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post #5 of 9 Old 10-19-2009
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Where in annapolis do you keep your boat? I am on back creek and would be glad to go over what I, and all of my slip neigbors do to winterize. I usually don't do it until the last weekend in November, but it depends on the temps. I have not seen any ice on the water in back creek until after Christmas the last 5 years. Will you have a bubbler under or near your boat?
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post #6 of 9 Old 10-20-2009
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http://www.boatus.com/seaworthy/wint...rworksheet.pdf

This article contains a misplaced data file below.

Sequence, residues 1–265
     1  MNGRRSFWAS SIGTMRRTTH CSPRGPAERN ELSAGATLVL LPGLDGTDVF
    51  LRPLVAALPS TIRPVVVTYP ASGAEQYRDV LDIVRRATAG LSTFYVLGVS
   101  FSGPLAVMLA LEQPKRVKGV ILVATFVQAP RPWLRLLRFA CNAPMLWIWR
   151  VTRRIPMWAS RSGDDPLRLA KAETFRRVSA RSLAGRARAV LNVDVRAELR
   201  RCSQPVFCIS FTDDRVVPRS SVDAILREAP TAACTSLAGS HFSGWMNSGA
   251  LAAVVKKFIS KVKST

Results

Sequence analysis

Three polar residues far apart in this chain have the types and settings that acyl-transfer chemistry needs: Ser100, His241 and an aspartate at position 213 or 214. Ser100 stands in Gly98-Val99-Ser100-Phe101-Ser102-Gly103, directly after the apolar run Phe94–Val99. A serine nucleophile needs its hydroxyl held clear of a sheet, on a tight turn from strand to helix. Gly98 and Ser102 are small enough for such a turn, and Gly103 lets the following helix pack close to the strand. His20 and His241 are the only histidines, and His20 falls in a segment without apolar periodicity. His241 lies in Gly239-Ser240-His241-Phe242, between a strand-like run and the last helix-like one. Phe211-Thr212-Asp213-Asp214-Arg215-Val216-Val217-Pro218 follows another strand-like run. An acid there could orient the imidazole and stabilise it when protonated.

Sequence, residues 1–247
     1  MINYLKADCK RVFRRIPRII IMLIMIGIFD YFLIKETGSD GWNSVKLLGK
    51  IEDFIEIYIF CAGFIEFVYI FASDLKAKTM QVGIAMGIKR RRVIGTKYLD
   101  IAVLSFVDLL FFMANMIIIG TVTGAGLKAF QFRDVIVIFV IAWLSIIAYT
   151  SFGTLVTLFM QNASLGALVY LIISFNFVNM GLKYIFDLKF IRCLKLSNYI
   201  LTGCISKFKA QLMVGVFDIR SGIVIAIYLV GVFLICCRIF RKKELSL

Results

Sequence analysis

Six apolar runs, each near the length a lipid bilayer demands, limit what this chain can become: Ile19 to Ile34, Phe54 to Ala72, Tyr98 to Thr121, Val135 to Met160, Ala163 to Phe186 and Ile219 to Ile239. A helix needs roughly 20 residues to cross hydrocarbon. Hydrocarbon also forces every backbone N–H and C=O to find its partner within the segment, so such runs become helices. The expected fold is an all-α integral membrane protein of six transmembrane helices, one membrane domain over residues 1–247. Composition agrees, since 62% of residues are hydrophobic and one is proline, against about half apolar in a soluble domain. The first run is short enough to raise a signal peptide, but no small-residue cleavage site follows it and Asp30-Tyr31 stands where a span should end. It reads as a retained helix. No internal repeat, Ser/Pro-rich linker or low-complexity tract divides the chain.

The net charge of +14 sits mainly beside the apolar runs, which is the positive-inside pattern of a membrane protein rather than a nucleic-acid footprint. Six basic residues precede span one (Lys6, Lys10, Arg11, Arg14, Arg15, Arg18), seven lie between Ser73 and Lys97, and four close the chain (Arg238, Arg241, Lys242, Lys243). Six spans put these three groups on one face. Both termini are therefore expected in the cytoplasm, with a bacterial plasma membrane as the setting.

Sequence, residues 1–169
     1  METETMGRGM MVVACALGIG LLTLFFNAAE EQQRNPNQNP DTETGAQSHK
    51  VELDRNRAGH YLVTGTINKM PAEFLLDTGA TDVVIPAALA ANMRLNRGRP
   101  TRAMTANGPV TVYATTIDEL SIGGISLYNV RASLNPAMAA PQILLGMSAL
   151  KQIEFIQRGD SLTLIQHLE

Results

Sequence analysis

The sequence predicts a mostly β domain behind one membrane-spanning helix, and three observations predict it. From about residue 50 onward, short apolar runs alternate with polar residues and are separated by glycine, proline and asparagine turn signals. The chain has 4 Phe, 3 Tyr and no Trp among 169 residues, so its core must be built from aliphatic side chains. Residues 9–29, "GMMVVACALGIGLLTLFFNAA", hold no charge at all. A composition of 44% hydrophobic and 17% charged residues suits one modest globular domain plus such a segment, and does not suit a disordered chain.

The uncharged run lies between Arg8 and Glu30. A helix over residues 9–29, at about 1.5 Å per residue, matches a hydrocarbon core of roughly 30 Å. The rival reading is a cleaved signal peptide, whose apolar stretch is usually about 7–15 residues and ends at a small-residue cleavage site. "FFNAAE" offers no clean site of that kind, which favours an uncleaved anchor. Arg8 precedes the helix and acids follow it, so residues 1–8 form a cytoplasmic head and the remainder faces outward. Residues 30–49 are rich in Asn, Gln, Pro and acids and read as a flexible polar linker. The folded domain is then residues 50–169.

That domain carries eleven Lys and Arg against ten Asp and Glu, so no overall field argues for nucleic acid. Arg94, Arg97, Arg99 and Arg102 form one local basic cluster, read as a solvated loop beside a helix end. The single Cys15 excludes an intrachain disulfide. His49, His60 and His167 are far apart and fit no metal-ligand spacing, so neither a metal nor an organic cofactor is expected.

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post #7 of 9 Old 10-20-2009
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Years ago i used to use cheap vodka in the water system. It was cheaper than the antifreeze at West Marine. Never set the boat on fire. I also left a small space heater in the middle of the saloon floor to avoid mold formation. Also remember to leave all the cabinets and drawers open. My current boat has Crusaire heat pumps. There is an automatic setting that turns on the unit periodically to dehumidify the interior. Don't use it as we leave for St.Maarten in 2 weeks.
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post #8 of 9 Old 10-20-2009
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I had a water maker the Po had stored with vodka, all the o-rings melted I have not fixed it yet.

That derelict boat was another dream for somebody else, don't let it be your nightmare and a waste of your life.